Metal design imposed its stamp in the 1930s
Up until the 1930s metal design was completely absent from home furnishing.
Despite its innovative side in terms of hygiene and above all functionality, metal design found it hard to shake off the connotation of being part of the industrial world.
Metal design definitely did not appeal to the housewife s it was very minimalist in style, and the materials were not reputed for being fine at all.
There were numerous attempts to introduce metal design into homes.
Notably, Charles Blanc, a famous chef of the period, designed a height-adjustable stool largely inspired by Taylorian theories, in order to minimise the number of useless movements and efforts for the housewife.
Peugeot endeavoured to promote metal design as a real emblem of quality and a decorative object of its own.
However, most of these initiatives were not as successful as expected.
It wasn't until the middle of the 1930s that metal design finally came out of the factory, and entered the schoolroom.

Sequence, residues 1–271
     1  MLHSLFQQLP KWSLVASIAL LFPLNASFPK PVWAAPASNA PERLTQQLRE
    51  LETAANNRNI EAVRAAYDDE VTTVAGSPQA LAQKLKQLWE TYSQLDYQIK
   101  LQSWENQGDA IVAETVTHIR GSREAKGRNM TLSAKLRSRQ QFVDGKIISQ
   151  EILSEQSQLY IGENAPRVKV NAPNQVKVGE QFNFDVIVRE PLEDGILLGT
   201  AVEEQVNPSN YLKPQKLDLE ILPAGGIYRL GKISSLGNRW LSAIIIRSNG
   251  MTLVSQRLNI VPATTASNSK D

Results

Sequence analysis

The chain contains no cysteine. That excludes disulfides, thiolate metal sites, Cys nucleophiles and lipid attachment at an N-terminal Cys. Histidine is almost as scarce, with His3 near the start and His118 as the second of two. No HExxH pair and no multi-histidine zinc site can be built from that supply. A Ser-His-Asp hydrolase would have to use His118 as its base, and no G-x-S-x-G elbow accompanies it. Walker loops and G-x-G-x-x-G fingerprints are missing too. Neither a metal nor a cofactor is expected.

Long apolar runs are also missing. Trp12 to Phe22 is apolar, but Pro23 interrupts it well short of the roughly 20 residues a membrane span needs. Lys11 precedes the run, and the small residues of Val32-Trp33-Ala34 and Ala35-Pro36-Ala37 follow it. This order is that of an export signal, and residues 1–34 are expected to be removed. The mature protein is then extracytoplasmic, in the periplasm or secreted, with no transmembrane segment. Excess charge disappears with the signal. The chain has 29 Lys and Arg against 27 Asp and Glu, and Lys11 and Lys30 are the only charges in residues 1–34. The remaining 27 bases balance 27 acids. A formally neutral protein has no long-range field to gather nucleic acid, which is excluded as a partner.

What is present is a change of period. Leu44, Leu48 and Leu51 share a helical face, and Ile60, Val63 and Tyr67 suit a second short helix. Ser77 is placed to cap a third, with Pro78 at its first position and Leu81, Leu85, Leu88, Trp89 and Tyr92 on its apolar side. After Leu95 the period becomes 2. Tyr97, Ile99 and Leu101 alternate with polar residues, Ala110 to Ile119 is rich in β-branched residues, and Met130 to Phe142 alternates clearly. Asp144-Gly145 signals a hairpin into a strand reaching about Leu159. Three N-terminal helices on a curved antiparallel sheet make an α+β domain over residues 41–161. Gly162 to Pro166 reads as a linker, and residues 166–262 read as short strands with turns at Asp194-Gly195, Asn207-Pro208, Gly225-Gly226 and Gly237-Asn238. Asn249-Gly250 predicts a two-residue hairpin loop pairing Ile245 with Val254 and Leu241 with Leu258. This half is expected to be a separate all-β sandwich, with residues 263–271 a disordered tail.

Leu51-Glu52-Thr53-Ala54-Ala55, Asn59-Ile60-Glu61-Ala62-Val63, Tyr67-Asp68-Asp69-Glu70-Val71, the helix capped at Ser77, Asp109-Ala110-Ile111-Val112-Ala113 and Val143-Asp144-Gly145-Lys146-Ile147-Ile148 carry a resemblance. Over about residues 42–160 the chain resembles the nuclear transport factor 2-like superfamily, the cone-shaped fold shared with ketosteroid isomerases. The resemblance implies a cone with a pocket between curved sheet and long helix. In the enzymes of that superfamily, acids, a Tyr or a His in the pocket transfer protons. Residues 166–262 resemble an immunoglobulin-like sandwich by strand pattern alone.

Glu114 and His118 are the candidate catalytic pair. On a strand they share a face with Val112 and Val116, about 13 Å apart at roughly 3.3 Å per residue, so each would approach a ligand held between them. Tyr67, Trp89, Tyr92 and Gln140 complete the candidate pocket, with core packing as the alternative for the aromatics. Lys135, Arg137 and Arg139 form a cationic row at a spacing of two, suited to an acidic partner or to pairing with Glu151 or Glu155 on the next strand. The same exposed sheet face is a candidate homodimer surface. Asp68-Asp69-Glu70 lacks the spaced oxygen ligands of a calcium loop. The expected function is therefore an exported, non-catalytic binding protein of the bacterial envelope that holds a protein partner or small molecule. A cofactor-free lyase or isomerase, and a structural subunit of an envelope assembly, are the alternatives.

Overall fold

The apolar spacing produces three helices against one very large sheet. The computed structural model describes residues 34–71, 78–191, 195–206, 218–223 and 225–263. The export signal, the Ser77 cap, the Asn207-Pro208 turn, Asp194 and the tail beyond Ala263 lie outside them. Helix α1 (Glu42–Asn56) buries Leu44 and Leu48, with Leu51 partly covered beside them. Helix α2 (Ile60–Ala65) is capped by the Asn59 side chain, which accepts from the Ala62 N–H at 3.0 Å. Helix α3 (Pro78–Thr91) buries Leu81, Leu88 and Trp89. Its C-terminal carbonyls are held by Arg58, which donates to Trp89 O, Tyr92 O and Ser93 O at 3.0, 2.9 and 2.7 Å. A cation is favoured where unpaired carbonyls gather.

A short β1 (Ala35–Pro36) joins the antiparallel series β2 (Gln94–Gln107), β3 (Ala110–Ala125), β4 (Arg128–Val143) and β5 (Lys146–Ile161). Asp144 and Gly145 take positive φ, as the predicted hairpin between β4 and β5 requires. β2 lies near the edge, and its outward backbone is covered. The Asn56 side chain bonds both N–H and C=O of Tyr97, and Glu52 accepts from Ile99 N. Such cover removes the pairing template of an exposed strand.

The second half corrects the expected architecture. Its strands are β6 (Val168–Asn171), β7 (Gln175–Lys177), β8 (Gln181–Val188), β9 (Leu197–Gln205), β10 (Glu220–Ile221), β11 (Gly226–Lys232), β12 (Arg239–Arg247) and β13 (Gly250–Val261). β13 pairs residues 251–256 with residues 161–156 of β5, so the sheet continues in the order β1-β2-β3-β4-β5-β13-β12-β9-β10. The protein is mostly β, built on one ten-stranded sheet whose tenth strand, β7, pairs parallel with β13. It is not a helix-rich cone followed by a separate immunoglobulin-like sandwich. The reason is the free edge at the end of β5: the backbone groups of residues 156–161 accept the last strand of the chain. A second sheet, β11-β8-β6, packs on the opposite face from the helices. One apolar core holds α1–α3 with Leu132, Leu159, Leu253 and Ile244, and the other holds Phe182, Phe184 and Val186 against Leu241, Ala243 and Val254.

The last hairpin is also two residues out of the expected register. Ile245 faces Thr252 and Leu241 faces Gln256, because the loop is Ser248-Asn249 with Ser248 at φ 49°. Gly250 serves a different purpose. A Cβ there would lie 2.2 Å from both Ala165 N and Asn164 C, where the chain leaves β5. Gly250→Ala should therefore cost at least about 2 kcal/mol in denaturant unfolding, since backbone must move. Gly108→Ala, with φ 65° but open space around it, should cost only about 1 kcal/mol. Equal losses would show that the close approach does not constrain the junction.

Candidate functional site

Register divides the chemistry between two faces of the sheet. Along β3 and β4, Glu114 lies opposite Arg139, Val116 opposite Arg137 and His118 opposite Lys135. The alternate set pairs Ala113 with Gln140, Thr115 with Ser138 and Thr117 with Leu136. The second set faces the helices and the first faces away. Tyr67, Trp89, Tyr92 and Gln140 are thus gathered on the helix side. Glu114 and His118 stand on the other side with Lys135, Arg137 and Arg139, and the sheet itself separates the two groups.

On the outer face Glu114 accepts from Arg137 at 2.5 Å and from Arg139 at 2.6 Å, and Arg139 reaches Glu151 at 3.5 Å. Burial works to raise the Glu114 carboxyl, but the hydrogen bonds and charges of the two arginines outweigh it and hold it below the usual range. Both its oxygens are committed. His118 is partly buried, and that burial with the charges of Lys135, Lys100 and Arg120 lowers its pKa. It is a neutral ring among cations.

La Compagnie Parisienne d'ameublement created a school chair with steel tube legs and a wooden seat and that became used in classrooms across the country.
Gustave Cavaillon later designed the well-renowned Mulca chair, which generations of schoolboys and girls were to know so well, and which is now one of the key pieces for amateurs of metal design.
Metal design had finally found favour, initially used in kitchens and bathrooms, then gradually in all rooms in the home.
Metal had finally left the factory environment and entered the world of domestic furnishing.
Jieldé Signal desk lamp